Kicker tricks are getting pretty crazy these days with Marcus Cleveland just landing the third ever quad cork on a snowboard, and he’s 16! With all this progression comes a whole load of tricks and we’re going to explain all the different types of rotation on kickers. These spins and flips can be combined with Grabbing your Snowboard to add more style and help your spin.

The Flat Spins

First off we will talk about flat spins, this is where you keep your board underneath you all the time and spin to the left or right.

There are  different ways you can spin on a snowboard.

They are measured in degrees, so a 180 is half a spin, meaning yo would land the opposite way to where to took off. A 360 is a full rotation so you would land the same way as you took off. A 540 is 1 and a half spins, a 720 is 2 spins and so on through 900, 1080, 1260 etc..

Frontside spin

A frontside spin is when you turn your toe edge to the landing, You carve up the kicker on your heel edge and spin the same direction. So a frontside 180 is a nice easy trick to learn as you can see the landing the whole way through the trick. A frontside 360 is the same but you keep spinning till you are back the same way again.

The important thing is that a frontside spin is where you take off of your heels and start by turning your chest to the landing.

Switch Frontside also called Cab is where you spin frontside but you come into it riding switch(backwards). Although it is switch a cab 360 is a great first 360 to learn just on the piste, its easier than you think, give it a go!

Backside spin

The Backside spin is where you turn your back to the landing. You carve up the kicker on your toe edge and spin with your carve, effectively going off the kicker backwards. The backside 180 is one of the most fun and stylish kicker tricks, but because you are basically flying through the air backwards it is harder to judge the landing than a frontside 180.

Switch backside is the same as backside but you ride switch into the kicker and once again turn your hack to the landing. much harder doing it switch but a great thing to learn.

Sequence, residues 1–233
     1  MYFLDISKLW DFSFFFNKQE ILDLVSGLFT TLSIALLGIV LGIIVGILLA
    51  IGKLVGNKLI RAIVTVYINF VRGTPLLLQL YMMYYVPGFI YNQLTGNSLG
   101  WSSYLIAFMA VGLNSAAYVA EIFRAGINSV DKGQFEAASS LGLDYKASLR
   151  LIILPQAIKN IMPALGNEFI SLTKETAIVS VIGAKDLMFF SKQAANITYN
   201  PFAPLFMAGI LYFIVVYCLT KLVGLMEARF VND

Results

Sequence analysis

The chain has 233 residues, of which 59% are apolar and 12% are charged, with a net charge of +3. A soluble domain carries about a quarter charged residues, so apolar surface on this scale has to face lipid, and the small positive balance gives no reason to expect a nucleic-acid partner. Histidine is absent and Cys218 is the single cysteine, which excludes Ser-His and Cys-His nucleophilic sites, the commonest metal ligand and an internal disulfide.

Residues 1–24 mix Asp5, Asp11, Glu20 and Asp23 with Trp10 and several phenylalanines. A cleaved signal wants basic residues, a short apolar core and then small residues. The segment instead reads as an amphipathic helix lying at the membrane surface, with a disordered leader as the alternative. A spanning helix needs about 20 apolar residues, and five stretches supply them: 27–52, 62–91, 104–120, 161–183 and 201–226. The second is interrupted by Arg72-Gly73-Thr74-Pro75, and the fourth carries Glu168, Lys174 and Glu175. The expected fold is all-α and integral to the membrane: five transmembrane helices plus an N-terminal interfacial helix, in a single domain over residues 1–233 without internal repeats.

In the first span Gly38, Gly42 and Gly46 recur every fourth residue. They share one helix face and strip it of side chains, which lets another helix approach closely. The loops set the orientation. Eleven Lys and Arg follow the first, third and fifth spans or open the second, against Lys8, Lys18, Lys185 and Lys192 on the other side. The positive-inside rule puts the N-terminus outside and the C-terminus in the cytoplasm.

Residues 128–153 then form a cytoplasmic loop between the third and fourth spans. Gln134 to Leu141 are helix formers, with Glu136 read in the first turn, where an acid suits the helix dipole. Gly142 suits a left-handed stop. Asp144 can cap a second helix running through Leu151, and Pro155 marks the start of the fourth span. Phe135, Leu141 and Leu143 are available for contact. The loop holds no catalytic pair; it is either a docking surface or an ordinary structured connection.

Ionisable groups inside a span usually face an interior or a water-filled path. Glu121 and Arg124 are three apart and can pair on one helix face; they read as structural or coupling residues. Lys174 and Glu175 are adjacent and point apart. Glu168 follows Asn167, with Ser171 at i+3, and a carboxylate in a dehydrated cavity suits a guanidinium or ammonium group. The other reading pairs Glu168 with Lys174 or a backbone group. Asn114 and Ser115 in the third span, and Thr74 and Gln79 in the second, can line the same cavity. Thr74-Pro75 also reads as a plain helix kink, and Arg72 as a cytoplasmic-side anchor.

Hardway spins are the next step up in spinning. It is where you come up the kicker on the opposite edge that you would normally do for that spin. For instance a hardway backside 540, you would come up the kicker on your heels like a frontside spin and then spin the opposite way, backside.  It is called a hardway because you are pop off the opposite edge to the direction you are spinning making it extremely hard not to catch an edge on the kicker.

You can do hard way for all 4 spins.


With the rise of Double, Triple and Quad corks. More and more people are hearing about them but few actually understand how corks are named. We will explain it all.

A corked spin is just a flat spin that is off axis, its the grey area between spins and flips and there is some overlap, which is why it is often confusing. Instead of spinning flat off the kicker and keeping the board underneath, you dip your shoulder into the rotation causing you to spin at an off axis angle.

They are tricky to learn because you need to complete the spin and get your feet back underneath you at the same time to land.

The way a cork is measured is by how much the body spins in any direction. We are going to take one of the easiest and nicest corks as an example, A Corked backside 540(cork bs 5, for short).

Here is an example of what is actually a really nice cork 5